http://www.woodpecker.com/writing/essays/royalty-politics.html

"ASCAP attracted media attention in 1996 when it threatened Girl Scouts of the USA and Boy Scouts of America camps that sang ASCAP's copyrighted works at camps with lawsuits for not paying licensing fees."

Saturday, February 4, 2012

Rodney Alcala

http://en.wikipedia.org/wiki/Rodney_Alcala
In 1980 Alcala was tried, convicted, and sentenced to death for Samsoe's murder, but his conviction was overturned by the California Supreme Court because jurors had been improperly informed of his prior sex crimes. In 1986, after a second trial virtually identical to the first except for omission of the prior criminal record testimony, he was convicted once again, and again sentenced to death. However, a Ninth Circuit Court of Appeals panel overthrew the second conviction, in part because a witness was not allowed to support Alcala's contention that the park ranger who found Samsoe's body had been "hypnotized by police investigators."

For the third trial Alcala elected to act as his own attorney. He took the stand in his own defense, and for five hours played the roles of both interrogator and witness, asking himself questions (addressing himself as "Mr. Alcala" in a deeper-than-normal voice), and then answering them.  During this bizarre self-questioning and answering session he told jurors, often in a rambling monotone, that he was at Knott's Berry Farm when Samsoe was kidnapped.  He also claimed that the earrings found in his Seattle locker were his, not Samsoe's.  As "proof" he showed the jury a portion of his 1978 appearance on The Dating Game, during which his earrings — if he wore any — were obscured by his shoulder-length hair.  He made no significant effort to dispute the other four charges.  As part of his closing argument, he played the portion of Arlo Guthrie's song "Alice's Restaurant" in which the protagonist tells a psychiatrist he wants to "kill."

Grade Inflation

http://economix.blogs.nytimes.com/2011/07/14/the-history-of-college-grade-inflation/

http://gradeinflation.com/

Thursday, February 2, 2012

Why do we lock up so many people?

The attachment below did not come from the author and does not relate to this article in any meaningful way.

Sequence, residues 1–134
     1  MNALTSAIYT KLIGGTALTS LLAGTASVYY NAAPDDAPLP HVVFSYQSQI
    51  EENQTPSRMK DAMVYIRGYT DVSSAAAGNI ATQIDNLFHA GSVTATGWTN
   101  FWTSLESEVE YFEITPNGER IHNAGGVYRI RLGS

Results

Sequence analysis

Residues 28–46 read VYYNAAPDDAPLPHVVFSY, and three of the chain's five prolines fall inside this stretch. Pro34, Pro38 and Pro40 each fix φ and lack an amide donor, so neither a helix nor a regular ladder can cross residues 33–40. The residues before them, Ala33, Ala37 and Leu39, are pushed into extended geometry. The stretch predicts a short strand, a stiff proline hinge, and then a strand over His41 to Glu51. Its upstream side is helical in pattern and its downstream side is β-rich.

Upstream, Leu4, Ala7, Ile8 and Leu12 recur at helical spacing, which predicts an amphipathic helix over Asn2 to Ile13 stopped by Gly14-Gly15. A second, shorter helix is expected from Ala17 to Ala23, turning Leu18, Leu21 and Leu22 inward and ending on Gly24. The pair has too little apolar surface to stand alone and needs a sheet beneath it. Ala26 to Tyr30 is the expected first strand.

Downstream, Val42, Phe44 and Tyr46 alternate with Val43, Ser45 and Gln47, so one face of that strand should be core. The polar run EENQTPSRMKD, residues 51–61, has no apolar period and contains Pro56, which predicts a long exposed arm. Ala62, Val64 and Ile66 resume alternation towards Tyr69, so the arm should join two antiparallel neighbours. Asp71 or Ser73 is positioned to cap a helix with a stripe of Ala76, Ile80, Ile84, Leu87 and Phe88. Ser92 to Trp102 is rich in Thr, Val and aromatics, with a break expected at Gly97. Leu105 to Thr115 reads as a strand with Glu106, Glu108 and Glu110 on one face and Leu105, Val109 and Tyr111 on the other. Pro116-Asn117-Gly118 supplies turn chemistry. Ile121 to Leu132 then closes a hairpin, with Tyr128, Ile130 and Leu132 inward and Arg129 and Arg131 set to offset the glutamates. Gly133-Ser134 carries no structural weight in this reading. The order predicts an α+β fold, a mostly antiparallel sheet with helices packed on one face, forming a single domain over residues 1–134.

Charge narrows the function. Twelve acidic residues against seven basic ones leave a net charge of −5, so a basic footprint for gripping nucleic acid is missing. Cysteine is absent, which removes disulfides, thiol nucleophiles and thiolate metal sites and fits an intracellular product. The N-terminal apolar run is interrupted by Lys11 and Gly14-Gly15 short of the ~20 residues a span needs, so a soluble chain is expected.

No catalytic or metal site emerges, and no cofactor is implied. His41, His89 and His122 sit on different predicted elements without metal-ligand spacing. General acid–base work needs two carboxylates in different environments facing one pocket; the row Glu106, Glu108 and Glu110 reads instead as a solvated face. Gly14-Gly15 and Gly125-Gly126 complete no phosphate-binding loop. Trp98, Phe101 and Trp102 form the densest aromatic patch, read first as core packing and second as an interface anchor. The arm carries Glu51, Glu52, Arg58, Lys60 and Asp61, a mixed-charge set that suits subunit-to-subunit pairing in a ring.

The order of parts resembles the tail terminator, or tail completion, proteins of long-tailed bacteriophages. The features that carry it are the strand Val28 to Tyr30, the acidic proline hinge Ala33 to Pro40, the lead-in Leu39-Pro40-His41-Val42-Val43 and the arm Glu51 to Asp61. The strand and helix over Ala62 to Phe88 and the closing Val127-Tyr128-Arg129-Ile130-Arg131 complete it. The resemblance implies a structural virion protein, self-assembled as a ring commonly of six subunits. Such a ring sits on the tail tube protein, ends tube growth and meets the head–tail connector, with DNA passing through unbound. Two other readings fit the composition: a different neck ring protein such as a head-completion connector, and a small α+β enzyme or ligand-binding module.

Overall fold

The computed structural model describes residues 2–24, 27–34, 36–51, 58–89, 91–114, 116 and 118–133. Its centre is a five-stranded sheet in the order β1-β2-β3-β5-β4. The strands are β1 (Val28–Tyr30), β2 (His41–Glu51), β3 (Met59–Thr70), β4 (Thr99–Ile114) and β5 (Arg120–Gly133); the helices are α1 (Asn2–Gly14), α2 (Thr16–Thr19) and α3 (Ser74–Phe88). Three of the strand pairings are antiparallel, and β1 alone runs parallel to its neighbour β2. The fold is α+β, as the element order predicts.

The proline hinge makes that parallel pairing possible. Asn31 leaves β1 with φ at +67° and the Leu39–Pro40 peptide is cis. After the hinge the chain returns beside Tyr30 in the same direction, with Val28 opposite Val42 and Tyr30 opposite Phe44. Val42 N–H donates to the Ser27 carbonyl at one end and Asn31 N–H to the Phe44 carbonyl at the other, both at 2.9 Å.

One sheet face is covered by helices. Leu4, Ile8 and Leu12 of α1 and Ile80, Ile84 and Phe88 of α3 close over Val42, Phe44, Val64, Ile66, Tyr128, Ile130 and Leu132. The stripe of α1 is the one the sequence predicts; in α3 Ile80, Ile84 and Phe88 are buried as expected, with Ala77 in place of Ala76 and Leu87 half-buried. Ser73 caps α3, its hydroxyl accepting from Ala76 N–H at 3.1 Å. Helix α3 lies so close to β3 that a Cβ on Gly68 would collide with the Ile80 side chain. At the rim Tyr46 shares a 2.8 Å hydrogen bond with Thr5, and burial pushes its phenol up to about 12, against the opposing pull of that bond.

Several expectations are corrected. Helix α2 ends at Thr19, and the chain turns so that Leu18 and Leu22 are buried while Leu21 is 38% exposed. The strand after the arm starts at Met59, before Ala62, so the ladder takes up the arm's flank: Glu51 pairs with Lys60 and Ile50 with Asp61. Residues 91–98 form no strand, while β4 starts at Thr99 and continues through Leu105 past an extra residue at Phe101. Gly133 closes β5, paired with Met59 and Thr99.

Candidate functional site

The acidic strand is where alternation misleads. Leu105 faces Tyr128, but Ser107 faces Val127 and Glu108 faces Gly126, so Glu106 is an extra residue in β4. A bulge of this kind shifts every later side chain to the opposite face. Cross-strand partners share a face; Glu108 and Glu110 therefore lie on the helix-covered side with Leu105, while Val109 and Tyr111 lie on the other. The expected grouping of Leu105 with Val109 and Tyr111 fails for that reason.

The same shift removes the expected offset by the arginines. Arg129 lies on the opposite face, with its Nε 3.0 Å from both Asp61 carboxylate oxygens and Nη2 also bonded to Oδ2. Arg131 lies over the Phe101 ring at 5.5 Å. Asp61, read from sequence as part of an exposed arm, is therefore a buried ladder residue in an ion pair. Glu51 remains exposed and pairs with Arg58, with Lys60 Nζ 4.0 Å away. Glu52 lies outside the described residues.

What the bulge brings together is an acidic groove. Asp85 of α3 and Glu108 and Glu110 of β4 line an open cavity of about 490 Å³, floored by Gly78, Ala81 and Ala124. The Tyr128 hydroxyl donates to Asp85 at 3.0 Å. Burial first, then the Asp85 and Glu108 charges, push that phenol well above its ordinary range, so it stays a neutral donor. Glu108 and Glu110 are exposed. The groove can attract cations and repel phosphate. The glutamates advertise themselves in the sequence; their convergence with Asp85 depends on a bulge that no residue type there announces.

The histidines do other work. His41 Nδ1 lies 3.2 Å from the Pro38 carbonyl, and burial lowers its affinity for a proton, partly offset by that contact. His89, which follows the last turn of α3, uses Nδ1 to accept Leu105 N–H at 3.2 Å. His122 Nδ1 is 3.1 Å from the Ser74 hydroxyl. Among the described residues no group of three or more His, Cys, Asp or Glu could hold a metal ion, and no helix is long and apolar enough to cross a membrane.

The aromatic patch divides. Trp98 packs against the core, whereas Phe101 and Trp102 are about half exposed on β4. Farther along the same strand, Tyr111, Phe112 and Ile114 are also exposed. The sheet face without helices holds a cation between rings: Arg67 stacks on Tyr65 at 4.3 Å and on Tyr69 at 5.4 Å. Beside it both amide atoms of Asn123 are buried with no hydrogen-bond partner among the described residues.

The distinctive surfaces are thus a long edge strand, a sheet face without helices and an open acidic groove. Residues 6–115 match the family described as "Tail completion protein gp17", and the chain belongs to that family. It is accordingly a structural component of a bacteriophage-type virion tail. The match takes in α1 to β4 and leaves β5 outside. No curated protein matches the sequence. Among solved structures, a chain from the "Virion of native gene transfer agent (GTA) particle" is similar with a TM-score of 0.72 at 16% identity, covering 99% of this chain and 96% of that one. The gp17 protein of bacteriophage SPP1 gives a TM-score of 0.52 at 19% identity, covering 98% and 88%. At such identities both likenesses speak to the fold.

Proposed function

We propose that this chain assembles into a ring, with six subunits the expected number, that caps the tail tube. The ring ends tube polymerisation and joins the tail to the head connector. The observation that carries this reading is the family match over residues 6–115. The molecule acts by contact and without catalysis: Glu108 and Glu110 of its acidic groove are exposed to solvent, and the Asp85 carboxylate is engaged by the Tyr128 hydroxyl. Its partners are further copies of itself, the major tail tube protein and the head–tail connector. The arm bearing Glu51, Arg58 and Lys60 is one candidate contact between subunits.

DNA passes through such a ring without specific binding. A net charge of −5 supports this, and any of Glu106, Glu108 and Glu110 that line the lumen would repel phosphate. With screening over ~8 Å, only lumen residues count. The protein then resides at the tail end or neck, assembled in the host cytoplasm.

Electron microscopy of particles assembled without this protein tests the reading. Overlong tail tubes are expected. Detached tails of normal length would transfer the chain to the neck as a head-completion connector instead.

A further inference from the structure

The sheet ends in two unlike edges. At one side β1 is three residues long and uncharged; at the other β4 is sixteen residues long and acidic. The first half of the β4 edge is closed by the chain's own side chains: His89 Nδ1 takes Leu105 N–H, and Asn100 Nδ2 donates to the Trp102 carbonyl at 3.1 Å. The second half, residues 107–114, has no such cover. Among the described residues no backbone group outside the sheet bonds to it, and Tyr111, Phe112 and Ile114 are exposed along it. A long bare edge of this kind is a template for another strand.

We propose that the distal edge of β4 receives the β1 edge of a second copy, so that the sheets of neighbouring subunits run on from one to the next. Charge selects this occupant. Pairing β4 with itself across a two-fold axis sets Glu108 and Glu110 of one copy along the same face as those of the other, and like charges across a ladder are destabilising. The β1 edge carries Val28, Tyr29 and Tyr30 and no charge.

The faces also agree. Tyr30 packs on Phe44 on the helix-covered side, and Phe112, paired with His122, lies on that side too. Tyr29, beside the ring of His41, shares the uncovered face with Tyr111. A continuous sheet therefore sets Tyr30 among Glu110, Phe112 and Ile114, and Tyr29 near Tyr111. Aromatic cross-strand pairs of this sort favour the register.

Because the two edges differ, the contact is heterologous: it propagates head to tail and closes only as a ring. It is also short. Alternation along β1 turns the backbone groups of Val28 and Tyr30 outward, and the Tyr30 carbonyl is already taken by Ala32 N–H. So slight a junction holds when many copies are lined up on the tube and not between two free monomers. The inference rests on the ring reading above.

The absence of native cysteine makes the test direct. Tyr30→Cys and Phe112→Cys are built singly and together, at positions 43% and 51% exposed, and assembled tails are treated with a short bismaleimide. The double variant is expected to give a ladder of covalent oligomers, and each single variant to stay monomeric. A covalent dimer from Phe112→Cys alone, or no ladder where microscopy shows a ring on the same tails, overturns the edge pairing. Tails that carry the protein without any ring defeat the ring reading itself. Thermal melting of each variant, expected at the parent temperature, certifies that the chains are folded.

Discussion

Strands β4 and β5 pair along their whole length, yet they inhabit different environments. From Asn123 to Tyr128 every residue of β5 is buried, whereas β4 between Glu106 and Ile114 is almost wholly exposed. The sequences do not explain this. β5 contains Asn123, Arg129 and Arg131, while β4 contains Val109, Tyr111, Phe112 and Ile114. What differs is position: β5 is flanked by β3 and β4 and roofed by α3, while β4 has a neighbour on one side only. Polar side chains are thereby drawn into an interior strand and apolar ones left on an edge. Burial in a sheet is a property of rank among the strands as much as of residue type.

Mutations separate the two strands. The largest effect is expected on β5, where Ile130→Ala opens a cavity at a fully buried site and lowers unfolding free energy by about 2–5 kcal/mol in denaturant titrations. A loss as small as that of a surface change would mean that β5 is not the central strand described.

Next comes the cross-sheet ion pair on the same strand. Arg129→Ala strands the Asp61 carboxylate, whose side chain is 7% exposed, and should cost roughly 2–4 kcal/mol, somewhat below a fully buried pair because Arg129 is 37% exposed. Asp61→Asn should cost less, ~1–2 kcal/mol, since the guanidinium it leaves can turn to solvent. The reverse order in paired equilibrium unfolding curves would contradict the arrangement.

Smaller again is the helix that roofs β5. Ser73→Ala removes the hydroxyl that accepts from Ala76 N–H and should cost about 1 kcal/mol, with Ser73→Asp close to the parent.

http://www.newyorker.com/arts/critics/atlarge/2012/01/30/120130crat_atlarge_gopnik?currentPage=all
The accelerating rate of incarceration over the past few decades is just as startling as the number of people jailed: in 1980, there were about two hundred and twenty people incarcerated for every hundred thousand Americans; by 2010, the number had more than tripled, to seven hundred and thirty-one. No other country even approaches that. In the past two decades, the money that states spend on prisons has risen at six times the rate of spending on higher education.
Northern impersonality and Southern revenge converge on a common American theme: a growing number of American prisons are now contracted out as for-profit businesses to for-profit companies. The companies are paid by the state, and their profit depends on spending as little as possible on the prisoners and the prisons. It’s hard to imagine any greater disconnect between public good and private profit: the interest of private prisons lies not in the obvious social good of having the minimum necessary number of inmates but in having as many as possible, housed as cheaply as possible. No more chilling document exists in recent American life than the 2005 annual report of the biggest of these firms, the Corrections Corporation of America. Here the company (which spends millions lobbying legislators) is obliged to caution its investors about the risk that somehow, somewhere, someone might turn off the spigot of convicted men:
Our growth is generally dependent upon our ability to obtain new contracts to develop and manage new correctional and detention facilities. . . . The demand for our facilities and services could be adversely affected by the relaxation of enforcement efforts, leniency in conviction and sentencing practices or through the decriminalization of certain activities that are currently proscribed by our criminal laws. For instance, any changes with respect to drugs and controlled substances or illegal immigration could affect the number of persons arrested, convicted, and sentenced, thereby potentially reducing demand for correctional facilities to house them.